22

Of more significant import is the recital in the District Court stating the availability of the Juvenile Court record prior to the closing of the proceedings before that Court and stating that the record was expressly made subject to examination by defense counsel who failed originally to raise the objection here in issue. The failure of the appellant's counsel to take any further action incontrovertibly indicates his satisfaction with the record before him. The issue, however, is now raised by counsel newly retained; loss of the Juvenile Court file in the interim does not in the opinion of this Court warrant reversal.

23

To remand this case at this late date to the District Court for a determination and evaluation is an injudicious waste of time. That the aim of the dissent is high and praiseworthy is completely irrelevant; Appellate Court rulings must be judged by their soundness; not by their motivation. Against this specific record the Court would be moving beyond the area of protecting juvenile proceedings and reducing itself to an adoption of a punitive, accuser policy toward the trial courts. While the most hardened mind and most calloused heart can be stirred to righteous indignation by any flagrant disregard of the constitutional rights of even the most obviously guilty defendants, especially juveniles, this court cannot conclude that on this record there is a scintilla of justification for remand.

24

Affirmed.

APPENDIX I

25

IN THE JUVENILE COURT FOR THE DISTRICT OF COLUMBIA

Docket No. 66-4041-J

In the Matter of

26

WILLIE STRICKLAND, JR.

27

ORDER WAIVING JURISDICTION OVER WILLIE STRICKLAND, JR. AS TO

CERTAIN OFFENSES

28

After full investigation and pursuant to the authority vested in me by the District of Columbia Code, Sec. 11-1553 (Supp V, 1966), I do hereby order that the jurisdiction of the Juvenile Court of the District of Columbia over the Respondent Willie Strickland, Jr. be waived; and I do hereby order the Respondent held for trial under the regular procedure of the United States District Court for the District of Columbia for the following alleged offenses which would amount to felonies in the case of an adult:

29

(a) Assault with a Dangerous Weapon (bottle)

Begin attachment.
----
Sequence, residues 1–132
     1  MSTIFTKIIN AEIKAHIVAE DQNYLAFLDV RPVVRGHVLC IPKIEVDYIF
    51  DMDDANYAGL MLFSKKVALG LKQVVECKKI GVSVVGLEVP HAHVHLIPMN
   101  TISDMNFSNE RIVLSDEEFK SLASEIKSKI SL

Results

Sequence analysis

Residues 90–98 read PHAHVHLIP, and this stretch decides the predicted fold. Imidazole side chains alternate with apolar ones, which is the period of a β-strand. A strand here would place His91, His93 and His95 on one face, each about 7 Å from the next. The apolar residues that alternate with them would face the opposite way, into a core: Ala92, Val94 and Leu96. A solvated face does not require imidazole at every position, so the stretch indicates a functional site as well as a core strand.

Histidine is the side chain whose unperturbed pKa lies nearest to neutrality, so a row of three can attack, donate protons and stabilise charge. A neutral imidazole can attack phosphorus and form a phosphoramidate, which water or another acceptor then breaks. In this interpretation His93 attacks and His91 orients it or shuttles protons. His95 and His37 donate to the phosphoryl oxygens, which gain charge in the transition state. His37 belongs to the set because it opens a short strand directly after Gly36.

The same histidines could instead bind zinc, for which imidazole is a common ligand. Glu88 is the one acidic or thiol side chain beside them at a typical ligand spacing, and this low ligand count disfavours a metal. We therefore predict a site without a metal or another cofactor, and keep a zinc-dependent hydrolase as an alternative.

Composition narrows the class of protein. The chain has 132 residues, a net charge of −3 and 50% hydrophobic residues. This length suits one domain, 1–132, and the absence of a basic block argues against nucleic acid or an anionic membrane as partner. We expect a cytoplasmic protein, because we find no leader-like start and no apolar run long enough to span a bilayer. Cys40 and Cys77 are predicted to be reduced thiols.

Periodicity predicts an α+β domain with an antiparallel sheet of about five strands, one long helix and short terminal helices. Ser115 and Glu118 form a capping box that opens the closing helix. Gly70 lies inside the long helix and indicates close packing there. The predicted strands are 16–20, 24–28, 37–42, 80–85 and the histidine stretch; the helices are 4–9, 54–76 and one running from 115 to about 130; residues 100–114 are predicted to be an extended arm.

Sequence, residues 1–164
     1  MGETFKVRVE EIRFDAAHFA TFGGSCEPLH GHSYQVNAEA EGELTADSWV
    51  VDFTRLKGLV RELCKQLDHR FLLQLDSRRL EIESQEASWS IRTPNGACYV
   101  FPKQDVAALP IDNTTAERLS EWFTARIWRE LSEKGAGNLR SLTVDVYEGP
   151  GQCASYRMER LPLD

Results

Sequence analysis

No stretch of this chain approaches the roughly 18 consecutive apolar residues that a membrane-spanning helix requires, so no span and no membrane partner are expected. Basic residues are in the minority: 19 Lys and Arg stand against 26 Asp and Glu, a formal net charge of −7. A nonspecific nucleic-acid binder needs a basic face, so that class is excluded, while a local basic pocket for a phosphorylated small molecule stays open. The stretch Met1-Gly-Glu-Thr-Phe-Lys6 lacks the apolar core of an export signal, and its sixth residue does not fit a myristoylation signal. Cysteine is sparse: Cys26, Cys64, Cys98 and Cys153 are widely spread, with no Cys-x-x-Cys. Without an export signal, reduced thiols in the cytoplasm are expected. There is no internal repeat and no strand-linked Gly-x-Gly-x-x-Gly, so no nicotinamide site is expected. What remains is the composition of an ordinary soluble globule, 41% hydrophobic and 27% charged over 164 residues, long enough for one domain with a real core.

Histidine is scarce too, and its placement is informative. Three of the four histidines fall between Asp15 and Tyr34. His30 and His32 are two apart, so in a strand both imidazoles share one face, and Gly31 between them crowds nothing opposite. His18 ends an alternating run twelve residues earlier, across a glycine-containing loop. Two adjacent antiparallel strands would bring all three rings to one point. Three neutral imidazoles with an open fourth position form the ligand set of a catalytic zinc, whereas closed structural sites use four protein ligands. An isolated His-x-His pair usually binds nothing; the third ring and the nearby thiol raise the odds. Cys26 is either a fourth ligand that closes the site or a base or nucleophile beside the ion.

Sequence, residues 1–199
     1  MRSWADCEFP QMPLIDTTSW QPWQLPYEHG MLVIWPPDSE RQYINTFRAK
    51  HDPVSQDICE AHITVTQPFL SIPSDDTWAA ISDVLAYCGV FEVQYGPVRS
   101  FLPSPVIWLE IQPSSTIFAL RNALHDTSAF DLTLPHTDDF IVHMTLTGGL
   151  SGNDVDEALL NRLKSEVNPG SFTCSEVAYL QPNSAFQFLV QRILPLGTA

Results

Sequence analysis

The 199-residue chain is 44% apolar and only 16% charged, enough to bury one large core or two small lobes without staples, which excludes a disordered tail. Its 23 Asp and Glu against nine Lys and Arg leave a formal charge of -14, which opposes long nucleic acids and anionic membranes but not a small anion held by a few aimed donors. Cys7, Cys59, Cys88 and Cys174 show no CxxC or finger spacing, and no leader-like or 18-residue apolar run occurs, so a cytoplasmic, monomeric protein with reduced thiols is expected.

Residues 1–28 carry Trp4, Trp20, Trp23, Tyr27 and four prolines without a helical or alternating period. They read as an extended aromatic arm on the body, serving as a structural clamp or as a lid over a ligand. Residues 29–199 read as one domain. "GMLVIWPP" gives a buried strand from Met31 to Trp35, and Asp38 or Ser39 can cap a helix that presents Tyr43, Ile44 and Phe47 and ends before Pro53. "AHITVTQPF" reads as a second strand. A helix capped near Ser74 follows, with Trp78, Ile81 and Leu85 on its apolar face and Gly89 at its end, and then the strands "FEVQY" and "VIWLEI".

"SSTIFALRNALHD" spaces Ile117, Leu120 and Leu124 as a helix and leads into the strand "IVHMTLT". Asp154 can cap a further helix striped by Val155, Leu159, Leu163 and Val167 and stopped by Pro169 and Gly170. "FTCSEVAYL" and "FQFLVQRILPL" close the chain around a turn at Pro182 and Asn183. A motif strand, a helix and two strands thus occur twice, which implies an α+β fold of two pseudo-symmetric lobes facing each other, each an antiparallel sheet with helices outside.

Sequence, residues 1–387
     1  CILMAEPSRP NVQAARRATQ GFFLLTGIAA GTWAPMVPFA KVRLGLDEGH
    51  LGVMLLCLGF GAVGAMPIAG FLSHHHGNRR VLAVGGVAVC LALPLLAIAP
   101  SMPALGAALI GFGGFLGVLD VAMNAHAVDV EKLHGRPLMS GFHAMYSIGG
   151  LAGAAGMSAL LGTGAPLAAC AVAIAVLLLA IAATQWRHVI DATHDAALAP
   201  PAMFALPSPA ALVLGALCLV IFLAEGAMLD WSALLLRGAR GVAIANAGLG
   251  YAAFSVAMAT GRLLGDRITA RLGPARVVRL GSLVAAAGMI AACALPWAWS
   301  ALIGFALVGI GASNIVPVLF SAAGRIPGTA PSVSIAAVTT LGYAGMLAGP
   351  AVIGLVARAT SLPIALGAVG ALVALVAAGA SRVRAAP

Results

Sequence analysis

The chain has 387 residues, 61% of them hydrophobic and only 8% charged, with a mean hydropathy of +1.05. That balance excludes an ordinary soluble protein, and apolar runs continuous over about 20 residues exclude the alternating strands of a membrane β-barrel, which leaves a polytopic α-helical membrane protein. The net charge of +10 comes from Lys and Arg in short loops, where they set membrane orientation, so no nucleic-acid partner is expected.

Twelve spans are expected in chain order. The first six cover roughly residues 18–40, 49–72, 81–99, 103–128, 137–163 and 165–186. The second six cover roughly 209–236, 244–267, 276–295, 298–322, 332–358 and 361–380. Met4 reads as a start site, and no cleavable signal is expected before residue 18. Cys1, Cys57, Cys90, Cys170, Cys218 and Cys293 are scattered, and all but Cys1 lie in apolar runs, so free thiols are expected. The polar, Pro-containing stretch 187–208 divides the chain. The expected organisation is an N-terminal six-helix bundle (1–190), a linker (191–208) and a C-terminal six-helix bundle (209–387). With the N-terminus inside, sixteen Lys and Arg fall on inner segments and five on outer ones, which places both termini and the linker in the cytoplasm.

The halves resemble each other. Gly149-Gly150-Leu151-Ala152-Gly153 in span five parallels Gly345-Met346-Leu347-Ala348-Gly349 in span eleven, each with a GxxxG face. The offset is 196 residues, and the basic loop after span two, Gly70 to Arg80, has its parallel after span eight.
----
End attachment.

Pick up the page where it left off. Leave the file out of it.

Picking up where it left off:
Date: On or about November 9, 1966

30

Place: In the vicinity of 1400 Fairmont St. N.W.

Complainant: Clarence J. Blackwell

31

(b) Robbery by Force and Violence

Date: On or about November 9, 1966

32

Place: In the vicinity of 1400 Fairmont St. N.W.

Complainant: Detective Sebron Isom

33

(c) Assault with Intent to Kill

Date: On or about November 9, 1966

34

Place: In the vicinity of 1400 Fairmont St. N.W.

35

Complainant: Detective Clarence Steve(d) Assault with a Dangerous Weapon (shotgun) six cases

Date: On or about November 9, 1966

36

Place: In the vicinity of 1400 Fairmont St. N.W.

37

Complainants: Cynthia Padgett, David Padgett, Seldon Stewart, Gregory Padgett, Albert Padgett and Ronnie Isler

38

(e) And/or any other offenses arising out of the act or transactions set forth in (a) through (d) which could also amount to felonies in the case of an adult

39

The full investigation referred to above has included waiver proceedings in which Respondent has been represented by counsel. All Court legal and social records on Respondent have been made available to counsel. Respondent and his counsel have been afforded a hearing. A statement in support of this waiver order has been issued by me.

40

Upon notice that the Respondent has been indicted, this Court will transmit a complete record of the waiver proceedings to the Clerk of the United States District Court for the District of Columbia. The record will include any written materials submitted by counsel, a transcript of the waiver hearing and a copy of my statement in support of this waiver order.

41

/s/ Morris Miller

Chief Judge

42

Dated: Jan. 17, 1967.

APPENDIX II

43

IN THE JUVENILE COURT FOR THE DISTRICT OF COLUMBIA

Docket No. 66-4041-J

In the Matter of

44

WILLIE STRICKLAND, JR.

STATEMENT IN SUPPORT OF WAIVER ORDER

45

Summary of Court Records on Respondent Relevant to Waiver:

46

On April 25, 1960, Respondent was charged with robbery (with others, yoking, beating and stealing money). A petition was filed (Docket No. 28-647-J). Respondent acknowledged involvement. The Court social worker reported that Respondent was in unsatisfactory physical condition in that he looked anemic and suffered from primary tuberculosis; that his attendance in school was poor; that the family was poorly provided for-the father drinking up unemployment money; that Willie's neglected condition and adjustment improved while at the Receiving Home. On June 10, 1960, Respondent was committed to the Department of Public Welfare for an indeterminate period with the recommendation that he receive a complete physical examination and treatment for primary tuberculosis.